Post-Thanksgiving summary

Hope everyone had a fabu Thanksgiving!

yukinooruoni swung by on Thursday with spicy mashed sweet potatoes (yum!) and ice cream, and I made a veggie pot pie. Feasting was had, and vacuous entertainment was enjoyed a la The Incredibles and The Emperor’s New Groove, with a couple episodes of The Gummi Bears to start things off. Yep, Thanksgiving was all about the Disney.

fosteronfilm and I ventured forth on Black Friday to The Mall, and although the parking situation was conducive to trepidation and alarm, the shopping thoroughfares within weren’t that crowded. I guess those rows upon rows of SUVs and minivans only transported single passengers to the Mecca-o-buying-stuff? And we even made some progress on our shopping list.


Writing Stuff

Did much Tangent work, a smattering of outstanding The Town Drunk undertakings, and a dollop of writing. A productive weekend, all-in-all. Not as productive as I’d hoped, but they never are.

New Words/Editing:
– 1000 words on my December Writing for Young Readers column: “Writing Talking Animal Tales.” I wanted something I could rattle off fairly quickly, and anthropomorphic critters hold a special spot in my writer’s heart. I just like ’em. Several editing passes, and it’s sent off. I really need to plan out the next three months’ column installments so I don’t gak myself during the legislative session.
– A bridging paragraph on “Sinner, Baker, Fabulist, Priest; Red Mask, Black Mask, Gentleman, Beast” and I’m at zero draft. Yay! It clocked in at 8900 words, solidly novelette-length, but at least I kept it under 9K. Going to run it by fosteronfilm to first reader and then probably toss it up on

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10 Responses to Post-Thanksgiving summary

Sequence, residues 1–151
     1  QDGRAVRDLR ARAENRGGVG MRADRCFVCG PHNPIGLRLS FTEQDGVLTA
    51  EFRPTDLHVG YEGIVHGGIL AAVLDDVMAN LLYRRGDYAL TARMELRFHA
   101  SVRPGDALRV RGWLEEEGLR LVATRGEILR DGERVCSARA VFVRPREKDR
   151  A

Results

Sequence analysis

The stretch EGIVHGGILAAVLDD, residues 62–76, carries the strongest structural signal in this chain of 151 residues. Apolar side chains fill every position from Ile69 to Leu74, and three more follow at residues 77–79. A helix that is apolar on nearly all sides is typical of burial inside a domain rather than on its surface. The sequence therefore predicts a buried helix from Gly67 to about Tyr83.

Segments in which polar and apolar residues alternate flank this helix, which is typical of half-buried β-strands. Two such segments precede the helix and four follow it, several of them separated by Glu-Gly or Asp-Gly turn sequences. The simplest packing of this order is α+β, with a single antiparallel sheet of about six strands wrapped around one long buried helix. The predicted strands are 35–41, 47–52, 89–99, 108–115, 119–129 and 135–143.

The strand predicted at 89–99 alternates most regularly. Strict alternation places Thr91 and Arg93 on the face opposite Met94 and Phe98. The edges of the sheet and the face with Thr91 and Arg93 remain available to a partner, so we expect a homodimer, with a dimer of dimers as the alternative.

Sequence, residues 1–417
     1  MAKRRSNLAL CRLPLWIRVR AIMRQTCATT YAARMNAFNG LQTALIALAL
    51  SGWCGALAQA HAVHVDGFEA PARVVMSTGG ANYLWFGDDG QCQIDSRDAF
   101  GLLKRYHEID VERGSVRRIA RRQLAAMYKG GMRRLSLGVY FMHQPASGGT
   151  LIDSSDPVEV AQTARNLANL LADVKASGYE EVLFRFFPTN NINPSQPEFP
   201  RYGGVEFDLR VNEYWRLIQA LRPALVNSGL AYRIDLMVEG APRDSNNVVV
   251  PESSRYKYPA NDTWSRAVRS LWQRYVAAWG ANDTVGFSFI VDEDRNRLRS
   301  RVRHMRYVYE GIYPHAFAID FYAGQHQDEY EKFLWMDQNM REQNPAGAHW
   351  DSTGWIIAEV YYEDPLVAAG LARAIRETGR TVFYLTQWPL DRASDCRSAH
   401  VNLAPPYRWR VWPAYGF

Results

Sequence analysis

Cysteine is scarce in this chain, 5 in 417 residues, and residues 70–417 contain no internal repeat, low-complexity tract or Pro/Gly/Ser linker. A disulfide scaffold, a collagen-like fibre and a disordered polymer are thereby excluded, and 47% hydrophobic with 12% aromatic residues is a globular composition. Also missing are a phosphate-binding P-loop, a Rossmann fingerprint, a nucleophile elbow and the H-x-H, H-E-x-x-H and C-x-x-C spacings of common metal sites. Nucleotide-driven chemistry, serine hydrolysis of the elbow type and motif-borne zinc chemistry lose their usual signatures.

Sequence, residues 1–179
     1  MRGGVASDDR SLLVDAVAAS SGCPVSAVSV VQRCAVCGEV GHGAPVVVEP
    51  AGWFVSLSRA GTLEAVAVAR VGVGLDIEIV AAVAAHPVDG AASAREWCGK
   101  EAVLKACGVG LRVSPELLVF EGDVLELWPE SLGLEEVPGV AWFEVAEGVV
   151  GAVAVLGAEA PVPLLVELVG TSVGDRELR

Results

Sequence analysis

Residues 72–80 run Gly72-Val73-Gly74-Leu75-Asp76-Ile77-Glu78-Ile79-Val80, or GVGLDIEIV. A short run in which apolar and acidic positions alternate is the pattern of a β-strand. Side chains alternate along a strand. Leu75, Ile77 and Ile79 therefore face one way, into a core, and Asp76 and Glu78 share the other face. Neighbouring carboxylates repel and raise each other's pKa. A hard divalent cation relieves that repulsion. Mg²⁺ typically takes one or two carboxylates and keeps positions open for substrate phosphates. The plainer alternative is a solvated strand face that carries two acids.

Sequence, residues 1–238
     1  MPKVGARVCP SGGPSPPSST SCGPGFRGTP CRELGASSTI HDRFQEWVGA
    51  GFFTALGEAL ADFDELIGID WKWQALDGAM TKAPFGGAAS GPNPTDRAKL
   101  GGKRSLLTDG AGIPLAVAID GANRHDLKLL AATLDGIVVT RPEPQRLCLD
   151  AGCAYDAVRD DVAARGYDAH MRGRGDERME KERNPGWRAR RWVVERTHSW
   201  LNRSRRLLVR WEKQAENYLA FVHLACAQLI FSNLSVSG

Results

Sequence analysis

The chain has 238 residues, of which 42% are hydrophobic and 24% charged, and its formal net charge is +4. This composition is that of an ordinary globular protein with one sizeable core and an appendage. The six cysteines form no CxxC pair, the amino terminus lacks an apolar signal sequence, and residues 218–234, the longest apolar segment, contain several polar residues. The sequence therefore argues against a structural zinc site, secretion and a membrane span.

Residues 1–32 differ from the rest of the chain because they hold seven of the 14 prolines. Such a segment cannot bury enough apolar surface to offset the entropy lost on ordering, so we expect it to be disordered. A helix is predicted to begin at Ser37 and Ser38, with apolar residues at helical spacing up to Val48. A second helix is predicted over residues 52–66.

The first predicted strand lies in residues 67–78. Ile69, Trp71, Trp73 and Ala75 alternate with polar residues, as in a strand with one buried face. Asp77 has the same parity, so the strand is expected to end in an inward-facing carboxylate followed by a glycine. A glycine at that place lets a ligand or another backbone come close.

1. jimvanpelt says:

    Eugie, I see you’re working on a writing for young readers column (which I didn’t know about). Have you seen Ted Hughes book on instruction to young writers, POETRY IN THE MAKING? It’s a transcription of programs he did for the BBC for young writers. It’s about poetry and story writing. In many ways, it’s one of the most influential books I’ve read for my own writing. Of course, I’m simple minded that way *g*. I’m also heavily influenced by Ralph Fletcher’s book, WHAT A WRITER NEEDS, which uses all elementary school writing for his examples.

    You can see the Hughes book at and the Fletcher one at

    • Eugie Foster says:

      Ooo, thanks for the recommendations! I hadn’t heard of either of these. Definitely a pair of books I plan to hunt down.

      I see you’re working on a writing for young readers column

      Yepper, for My column is relatively new, and usually I link to it when I mention it in my blog, but I was too lazy to this time around.

  2. orig_ladycat says:

    Oh do I lament my lack of perfect productivity every weekend too. At least I’m in good company.

  3. dream_wind says:

    Pardon my Australian ignorance… but what’s Black Friday? I’ve seen a few references to it, and it sounds kinda ominous.

    • yukinooruoni says:

      Black Friday is generally considered the single busiest shopping day of the year. It’s the Friday after Thanksgiving, and traditional the start of the Christmas season.

      It’s also often the best day to get the best prices on things. As you can imagine, everyone wants to get the best deal, so stores can get rather nasty with overcrowding, people fighting over deals and such.

      Imagine Times Square at New Years, only in stores, and everyone is trying to buy stuff all at the same time.

      • dream_wind says:

        Ah! Boxing Day or June Long Weekened sales, I completely understand!

        Our financial year ends June 30, so in the middle of June you get all the stocktake sales, and after Christmas come the half financial year sales.

    • Eugie Foster says:

      What said. Also, the designation is from how the date (supposedly) marks the economic turnaround for shops as their books go from being in the red to profitable black.

      • dude_the says:

        Like Boxing Day, Maybe?

        Black Friday: The only day of the year when non-geeks are permitted to line up in front of a store at 3 a.m., waiting for the store to open.

        I saw several suggestions from British and Canadian commentators that the sales on December 26th there are sort of the equivalent to Black Friday here. Don’t know if it’s true, don’t know if a similar thing happens in Australia and/or New Zealand, but thought I’d bring it up.

  4. Eugie Foster says:

    Gleep! Um, The Incredibles is a thoughtful and eloquent treatise on the virtues of non-conformity in a conformist society. *peeks out from behind the couch* Ok, now?

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